Why the stereotypical dumb Swede is not really descended from the Galicians.
- From: mikemc@xxxxxxxxx
- Date: 20 Aug 2006 16:28:45 -0700
Analysis of the substance by archaeologist Stephen Buckley from the
University of York in England showed the gel was made of vegetable
plant oil mixed with resin from pine trees found in Spain and southwest
The Irish and Scots may be as closely related to the people of Spain
and Portugal as the Celts of central Europe, it emerged on September
Historians have long believed the British Isles were swamped by a
massive invasion of Iron Age Celts from central Europe around 500BC.
But geneticists at Dublin's Trinity College now claim the Irish and
Scots have as much, if not more, in common with the people of
Dr Daniel Bradley, genetics lecturer at Trinity College Dublin, said a
new study into Celtic origins revealed close affinities with the people
"It's well known that there are cultural relations between the
areas but now this shows there is much more," Dr Bradley said.
"We think the links are much older than that of the Iron Age because
it also shows affinities with the Basque region - which isn't a
"The links point towards other Celtic nations, in particular
Scotland, but they also point to Spain," he added.
Historians believed the Celts, originally from the Alpine regions of
central Europe invaded the Atlantic islands in a massive migration
2,500 years ago.
But using DNA samples from people living in Celtic nations and other
parts of Europe geneticists at the university have drawn new parallels.
Dr Bradley said it was possible migrants moved from the Iberian
peninsula to Ireland as far back as 6,000 years ago up until 3,000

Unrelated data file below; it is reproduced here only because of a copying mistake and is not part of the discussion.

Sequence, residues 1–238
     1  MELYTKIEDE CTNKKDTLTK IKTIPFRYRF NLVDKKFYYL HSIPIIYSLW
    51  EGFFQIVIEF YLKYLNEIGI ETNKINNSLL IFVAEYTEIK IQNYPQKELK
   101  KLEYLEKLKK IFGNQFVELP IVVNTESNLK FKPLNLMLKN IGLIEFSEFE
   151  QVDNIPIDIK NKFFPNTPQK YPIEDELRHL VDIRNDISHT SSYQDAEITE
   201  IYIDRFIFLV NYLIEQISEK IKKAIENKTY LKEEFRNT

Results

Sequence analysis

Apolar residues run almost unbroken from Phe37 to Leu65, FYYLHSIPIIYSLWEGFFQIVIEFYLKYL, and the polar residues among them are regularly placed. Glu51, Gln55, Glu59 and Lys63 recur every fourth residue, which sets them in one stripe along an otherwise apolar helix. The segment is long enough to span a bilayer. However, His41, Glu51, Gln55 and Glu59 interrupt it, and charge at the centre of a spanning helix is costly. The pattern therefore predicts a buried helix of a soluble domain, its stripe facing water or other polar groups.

"I don't agree with the idea of a massive Iron Age invasion that
took over the Atlantic islands. You can regard the ocean - rather than
a barrier - as a communication route," Dr Bradley said.
It is believed archaeologists are also questioning the links between
the Celts of eastern France and southern Germany and the people of the
The study found people in areas traditionally known as Celtic, such as
Ireland, Wales, Scotland, Brittany and Cornwall, had strong links with
each other and people in Ireland have more in common with Scots than
any other nation.
There are also close links between Scotland and Ireland dating back
much further than the Plantations of the 1600s when many Scots moved to
northern Ireland in search of fertile farming lands, the research
Stephen Oppenheimer, professor of clinical socio-medical sciences at
Oxford, said that the Celts of western Scotland, Wales, Ireland and
Cornwall were descended from an ancient people living on the Atlantic
coast when Britain was still attached to mainland Europe, while the
English were more closely related to the Germanic peoples of the
interior. He said : "The English are the odd ones out because they
are the ones more linked to continental Europe. The Scots, the Irish,
the Welsh and the Cornish are all very similar in their genetic pattern
to the Basque."
However scientists could not shed any light on whether fair skin, red
hair, freckles, and fiery tempers truly are Celtic traits.
The study headed by Dr Bradley was published in the American Journal of
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